Volume 20, Issue 5
  • ISSN: 0002-9637
  • E-ISSN: 1476-1645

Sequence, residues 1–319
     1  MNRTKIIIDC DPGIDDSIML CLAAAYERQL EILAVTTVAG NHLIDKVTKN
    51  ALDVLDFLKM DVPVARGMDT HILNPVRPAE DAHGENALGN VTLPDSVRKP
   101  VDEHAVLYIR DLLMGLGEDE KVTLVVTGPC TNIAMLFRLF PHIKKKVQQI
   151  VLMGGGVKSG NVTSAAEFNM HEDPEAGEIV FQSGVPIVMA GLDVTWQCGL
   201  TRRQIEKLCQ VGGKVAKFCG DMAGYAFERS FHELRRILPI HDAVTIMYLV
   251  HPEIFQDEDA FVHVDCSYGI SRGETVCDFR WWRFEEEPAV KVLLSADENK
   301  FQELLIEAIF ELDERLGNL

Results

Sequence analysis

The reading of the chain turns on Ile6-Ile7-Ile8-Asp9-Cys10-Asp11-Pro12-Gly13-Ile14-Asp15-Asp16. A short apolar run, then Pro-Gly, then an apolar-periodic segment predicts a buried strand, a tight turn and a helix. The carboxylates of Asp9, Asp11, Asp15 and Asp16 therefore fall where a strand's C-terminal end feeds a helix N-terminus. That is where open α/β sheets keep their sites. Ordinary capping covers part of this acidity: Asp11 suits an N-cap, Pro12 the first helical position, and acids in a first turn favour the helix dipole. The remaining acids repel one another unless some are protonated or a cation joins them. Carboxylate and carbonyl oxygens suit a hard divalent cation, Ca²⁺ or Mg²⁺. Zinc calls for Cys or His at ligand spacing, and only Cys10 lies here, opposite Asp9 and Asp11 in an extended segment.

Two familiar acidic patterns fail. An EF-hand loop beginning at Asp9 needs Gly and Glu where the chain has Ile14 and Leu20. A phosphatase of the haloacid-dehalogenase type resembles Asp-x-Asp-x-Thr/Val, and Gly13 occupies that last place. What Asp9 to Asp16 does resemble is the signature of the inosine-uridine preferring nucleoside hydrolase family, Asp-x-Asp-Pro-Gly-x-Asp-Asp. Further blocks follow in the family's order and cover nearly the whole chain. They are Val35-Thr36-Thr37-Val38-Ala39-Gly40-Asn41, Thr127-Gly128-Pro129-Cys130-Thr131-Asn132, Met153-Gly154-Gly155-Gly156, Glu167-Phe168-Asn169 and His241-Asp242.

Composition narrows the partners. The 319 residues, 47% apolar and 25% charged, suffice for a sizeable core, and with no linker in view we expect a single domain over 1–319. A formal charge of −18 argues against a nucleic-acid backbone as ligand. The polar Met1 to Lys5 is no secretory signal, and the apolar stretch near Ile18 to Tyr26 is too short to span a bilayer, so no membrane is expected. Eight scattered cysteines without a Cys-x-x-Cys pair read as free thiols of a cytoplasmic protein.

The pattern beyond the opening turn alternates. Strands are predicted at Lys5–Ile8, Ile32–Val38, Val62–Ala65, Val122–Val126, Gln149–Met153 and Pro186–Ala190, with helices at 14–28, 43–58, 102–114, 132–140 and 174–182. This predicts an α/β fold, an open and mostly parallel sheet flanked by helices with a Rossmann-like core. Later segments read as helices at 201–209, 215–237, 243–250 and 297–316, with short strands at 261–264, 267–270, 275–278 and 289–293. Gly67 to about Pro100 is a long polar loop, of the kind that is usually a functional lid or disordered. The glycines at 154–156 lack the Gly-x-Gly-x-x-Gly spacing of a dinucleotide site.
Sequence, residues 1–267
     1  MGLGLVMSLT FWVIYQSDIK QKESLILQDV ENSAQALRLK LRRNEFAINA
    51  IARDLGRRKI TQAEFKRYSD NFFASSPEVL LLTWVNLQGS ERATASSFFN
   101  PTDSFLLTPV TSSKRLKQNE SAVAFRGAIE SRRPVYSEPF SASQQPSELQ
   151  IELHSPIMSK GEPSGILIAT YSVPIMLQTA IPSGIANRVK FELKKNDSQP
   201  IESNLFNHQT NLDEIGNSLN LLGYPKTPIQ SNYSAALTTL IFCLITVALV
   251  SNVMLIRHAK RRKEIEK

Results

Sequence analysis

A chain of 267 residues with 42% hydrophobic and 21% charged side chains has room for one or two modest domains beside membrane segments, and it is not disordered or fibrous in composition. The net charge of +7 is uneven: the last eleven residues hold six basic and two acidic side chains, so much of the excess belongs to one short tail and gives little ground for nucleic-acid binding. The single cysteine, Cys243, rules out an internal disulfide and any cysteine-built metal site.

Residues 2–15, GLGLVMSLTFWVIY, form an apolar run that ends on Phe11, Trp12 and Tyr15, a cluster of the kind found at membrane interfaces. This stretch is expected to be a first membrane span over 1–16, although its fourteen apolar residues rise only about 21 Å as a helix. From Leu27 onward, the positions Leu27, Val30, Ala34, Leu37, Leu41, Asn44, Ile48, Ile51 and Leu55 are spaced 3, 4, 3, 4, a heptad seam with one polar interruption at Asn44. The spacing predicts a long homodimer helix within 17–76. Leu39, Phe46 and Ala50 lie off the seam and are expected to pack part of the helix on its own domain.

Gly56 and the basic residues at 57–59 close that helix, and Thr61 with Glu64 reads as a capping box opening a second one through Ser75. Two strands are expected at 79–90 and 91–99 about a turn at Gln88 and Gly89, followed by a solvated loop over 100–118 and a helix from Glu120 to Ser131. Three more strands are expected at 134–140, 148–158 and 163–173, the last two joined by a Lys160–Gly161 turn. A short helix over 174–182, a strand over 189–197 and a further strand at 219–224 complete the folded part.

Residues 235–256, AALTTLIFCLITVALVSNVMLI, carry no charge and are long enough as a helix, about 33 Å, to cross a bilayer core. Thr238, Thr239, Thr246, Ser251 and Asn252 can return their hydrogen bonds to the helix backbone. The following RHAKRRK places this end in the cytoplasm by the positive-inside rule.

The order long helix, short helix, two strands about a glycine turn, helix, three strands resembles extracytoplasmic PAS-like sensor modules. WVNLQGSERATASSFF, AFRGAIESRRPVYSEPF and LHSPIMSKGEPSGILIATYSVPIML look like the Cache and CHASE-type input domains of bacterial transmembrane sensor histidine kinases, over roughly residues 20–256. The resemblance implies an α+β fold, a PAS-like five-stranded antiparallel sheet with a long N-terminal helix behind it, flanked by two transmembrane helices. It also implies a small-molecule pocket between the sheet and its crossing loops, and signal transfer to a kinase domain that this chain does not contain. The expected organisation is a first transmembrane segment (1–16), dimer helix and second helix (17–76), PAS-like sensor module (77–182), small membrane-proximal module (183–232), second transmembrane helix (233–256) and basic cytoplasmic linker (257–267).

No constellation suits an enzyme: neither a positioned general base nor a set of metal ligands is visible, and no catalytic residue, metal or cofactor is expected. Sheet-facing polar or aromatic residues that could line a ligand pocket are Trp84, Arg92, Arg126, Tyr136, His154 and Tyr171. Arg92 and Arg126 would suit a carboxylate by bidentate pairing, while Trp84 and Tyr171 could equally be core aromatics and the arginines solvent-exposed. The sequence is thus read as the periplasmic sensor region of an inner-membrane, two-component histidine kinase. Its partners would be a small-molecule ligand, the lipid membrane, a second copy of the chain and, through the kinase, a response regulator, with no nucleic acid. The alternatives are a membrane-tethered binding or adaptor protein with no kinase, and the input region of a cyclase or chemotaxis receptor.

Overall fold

An control program on the island of Koh Samui, Thiland, was evaluated in terms of human infection, both clinical and subclinical. Seroconversion rates to dengue were examined monthly in a sample of school children. Crude antibody conversion rates were about 3 per 100 per month before the control program. Because of small sample size, conversion rates after control could not be accurately determined; by this measurement, transmission was not completely interrupted. Clinical cases were classified by clinical course and serological response. A total of 27 dengue and probable dengue cases were seen. Among these were two of dengue shock syndrome and six of hemorrhagic fever. No case had a primary-type antibody response. Disease patterns were similar to those seen in previous years, except that only one case was recorded after the control program. The control program apparently resulted in marked decreases in vector population, in vector infection rates, and in human disease.


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